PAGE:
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    -1. I don't understand why Trodeau's opinion/statement is relevant. He's not a part of the US government so he can't make statements on their behalf. – JonathanReez Jan 30 '17 at 8:36
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    @JonathanReez Trudeau is quoting what he was told by the U.S. National Security Advisor (Mike Flynn). I'd say that's quite relevant. – reirab Jan 30 '17 at 20:18
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The Wall Street Journal reports:

Trump Visa Ban Also Applies to Citizens With Dual Nationality, State Department Says

“Travelers who have nationality or dual nationality of one of these countries will not be permitted for 90 days to enter the United States or be issued an immigrant or nonimmigrant visa,” a State Department official said.

It also applies to people who originally hail from those countries but are traveling on a passport issued by any other nation, the official said.

Edit on January 30, 2017. In an Updated Guidance on Executive Order on Protecting the Nation from Terrorist Attacks by Foreign Nationals the US Embassy in the United Kingdom has this to say:

Beginning January 27, 2017, travelers who have nationality or dual nationality of one of these countries will not be permitted for 90 days to enter the United States or be issued an immigrant or nonimmigrant visa.

Dual nationals of the United Kingdom and one of these countries are exempt from the Executive Order when travelling on a valid United Kingdom passport and U.S. visa. Additionally, those who have indefinite leave to remain in the United Kingdom and hold nationality of one of these countries are eligible to apply for U.S. visas.

Emphasis mine. I am unable to find a similar guidance on the Canadian embassy site.

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    @chx: Not corect as of January 29, 2017. – Jonas Jan 29 '17 at 10:21
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    @chx - apologies, your answer may be generally true, but is wrong for the particular case of the OP. Will remove the -1 after you make an edit. – Jonas Jan 29 '17 at 10:30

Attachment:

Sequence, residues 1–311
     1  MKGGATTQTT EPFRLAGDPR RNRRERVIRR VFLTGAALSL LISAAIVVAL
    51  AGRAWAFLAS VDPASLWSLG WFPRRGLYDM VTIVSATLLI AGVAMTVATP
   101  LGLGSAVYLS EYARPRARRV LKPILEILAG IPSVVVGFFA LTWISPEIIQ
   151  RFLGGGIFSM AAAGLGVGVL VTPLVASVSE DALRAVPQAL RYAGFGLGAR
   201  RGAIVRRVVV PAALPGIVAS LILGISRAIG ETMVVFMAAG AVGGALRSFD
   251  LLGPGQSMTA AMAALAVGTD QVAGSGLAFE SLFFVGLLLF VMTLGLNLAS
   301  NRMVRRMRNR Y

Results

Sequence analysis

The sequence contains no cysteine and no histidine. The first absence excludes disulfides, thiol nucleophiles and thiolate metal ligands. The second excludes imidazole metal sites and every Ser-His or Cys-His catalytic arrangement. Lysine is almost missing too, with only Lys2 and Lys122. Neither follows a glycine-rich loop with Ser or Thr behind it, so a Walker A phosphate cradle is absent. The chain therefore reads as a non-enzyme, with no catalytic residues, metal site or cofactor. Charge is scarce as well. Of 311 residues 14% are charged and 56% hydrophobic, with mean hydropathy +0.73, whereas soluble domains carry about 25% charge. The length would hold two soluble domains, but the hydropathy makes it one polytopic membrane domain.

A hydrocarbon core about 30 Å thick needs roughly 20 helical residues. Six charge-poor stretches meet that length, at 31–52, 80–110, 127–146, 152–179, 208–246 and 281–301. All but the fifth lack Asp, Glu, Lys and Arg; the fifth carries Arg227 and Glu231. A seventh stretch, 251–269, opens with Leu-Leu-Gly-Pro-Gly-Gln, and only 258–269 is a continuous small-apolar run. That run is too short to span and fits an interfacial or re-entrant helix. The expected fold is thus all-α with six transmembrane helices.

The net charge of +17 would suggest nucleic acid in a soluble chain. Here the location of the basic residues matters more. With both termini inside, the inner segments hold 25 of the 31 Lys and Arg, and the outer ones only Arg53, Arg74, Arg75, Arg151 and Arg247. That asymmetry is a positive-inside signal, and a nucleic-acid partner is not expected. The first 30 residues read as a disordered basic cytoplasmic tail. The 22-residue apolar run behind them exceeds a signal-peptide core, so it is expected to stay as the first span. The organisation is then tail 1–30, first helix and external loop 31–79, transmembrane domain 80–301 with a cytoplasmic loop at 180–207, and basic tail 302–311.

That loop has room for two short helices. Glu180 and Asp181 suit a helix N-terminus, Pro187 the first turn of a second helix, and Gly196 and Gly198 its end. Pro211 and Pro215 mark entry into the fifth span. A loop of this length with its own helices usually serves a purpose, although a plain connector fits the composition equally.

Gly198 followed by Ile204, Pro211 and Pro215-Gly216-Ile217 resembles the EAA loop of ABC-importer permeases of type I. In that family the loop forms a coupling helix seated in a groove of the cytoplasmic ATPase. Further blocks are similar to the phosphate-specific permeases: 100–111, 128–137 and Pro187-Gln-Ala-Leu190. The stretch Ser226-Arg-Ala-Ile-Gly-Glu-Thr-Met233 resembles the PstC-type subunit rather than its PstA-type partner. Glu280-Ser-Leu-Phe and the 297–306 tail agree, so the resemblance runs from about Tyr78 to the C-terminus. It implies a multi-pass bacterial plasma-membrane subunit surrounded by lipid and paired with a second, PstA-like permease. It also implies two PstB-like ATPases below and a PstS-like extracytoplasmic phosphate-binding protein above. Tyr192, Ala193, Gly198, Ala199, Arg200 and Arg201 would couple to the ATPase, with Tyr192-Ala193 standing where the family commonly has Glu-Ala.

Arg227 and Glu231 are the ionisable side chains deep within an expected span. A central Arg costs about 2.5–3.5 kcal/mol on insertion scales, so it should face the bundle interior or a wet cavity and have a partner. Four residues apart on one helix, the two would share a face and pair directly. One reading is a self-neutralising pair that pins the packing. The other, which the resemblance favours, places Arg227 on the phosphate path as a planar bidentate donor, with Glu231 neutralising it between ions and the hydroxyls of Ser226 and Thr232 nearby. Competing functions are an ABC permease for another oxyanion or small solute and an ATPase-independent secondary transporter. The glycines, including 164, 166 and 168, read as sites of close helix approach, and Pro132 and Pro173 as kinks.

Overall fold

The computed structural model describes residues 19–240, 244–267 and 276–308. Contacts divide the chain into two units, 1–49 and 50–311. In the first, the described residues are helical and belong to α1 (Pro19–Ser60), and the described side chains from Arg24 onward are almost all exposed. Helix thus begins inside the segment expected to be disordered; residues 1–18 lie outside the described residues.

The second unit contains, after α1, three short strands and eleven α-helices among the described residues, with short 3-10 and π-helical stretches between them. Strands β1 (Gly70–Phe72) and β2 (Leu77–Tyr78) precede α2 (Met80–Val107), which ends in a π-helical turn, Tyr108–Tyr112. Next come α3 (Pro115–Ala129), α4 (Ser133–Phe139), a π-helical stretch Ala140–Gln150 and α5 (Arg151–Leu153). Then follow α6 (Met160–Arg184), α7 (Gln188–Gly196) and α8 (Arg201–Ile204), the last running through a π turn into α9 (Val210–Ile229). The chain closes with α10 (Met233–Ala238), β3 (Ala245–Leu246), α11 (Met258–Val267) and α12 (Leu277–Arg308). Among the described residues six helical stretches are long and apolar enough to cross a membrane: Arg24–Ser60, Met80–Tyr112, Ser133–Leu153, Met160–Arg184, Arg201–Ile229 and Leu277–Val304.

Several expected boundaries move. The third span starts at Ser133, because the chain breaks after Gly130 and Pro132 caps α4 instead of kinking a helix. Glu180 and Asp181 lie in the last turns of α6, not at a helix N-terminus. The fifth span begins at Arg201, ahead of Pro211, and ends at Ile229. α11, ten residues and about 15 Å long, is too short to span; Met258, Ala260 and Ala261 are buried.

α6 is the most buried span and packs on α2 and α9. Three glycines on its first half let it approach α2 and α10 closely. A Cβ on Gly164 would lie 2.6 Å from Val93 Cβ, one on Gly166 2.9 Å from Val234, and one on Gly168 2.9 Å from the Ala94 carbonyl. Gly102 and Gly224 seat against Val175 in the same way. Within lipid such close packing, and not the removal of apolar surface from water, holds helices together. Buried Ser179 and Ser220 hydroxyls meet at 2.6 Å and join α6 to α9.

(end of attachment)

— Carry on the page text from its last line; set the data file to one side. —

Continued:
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    @pnuts "The Minister of Foreign Affairs of Canada requests, in the name of Her Majesty the Queen, all those whom it may concern to allow the bearer to pass freely, without delay or hindrance, and to afford the bearer such assistance and protection as may be necessary". – Spehro Pefhany Jan 29 '17 at 15:34
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    @PaulRichter A simple Google search would have found you e.g. this press release from the US Embassy in Ireland, where they clearly state that the entry ban also apply to persons with dual citizenships: ie.usembassy.gov/… I also can't follow your logic at all. There is also nothing in the executive order indicating that it applies to persons wearing red jackets, but how does the lack of mentioning red jackets make you believe that Syrians can still enter the US as long as they wear a red jacket? – Tor-Einar Jarnbjo Jan 29 '17 at 17:35
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    @PaulRichter Then you have not heard of very much. USA already applied travel restrictions to dual citizens of the now 'banned' countries and Visa Waiver Program participants since January 2016 and refused these from entering the US visa free travelling on their VWP eligible passport. – Tor-Einar Jarnbjo Jan 29 '17 at 18:48
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Yes, it seems so.

Omid Nouripour is a member of the Green Party in Germany and according to the SPIEGEL deputy of the German-American parliamentarian group, member of the management in the Atlantik-Brücke and member of the Deutsche Atlantische Gesellschaft which is the German part of the Atlantic Treaty Association.

According to the SPIEGEL article Nouripour is now unable to visit the USA because while he has the German nationality, he is also an Iranian because Iran does not allow to give up its nationality.

Nadhmi Zahawi, a British citizen, even has no Iraq nationality, but was still denied entry because he was born in Baghdad, Iraq.

  • Ha, same issue. – Stephie Jan 29 '17 at 13:55
  • @Stephie Yup, posted at the same time. May the best answer win....:o) – Thorsten S. Jan 29 '17 at 14:03
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    Zahawi was not denied entry or even tried to enter, he only "Had confirmation that the order does apply" twitter.com/nadhimzahawi/status/825445925275500545 – Paul Richter Jan 29 '17 at 17:00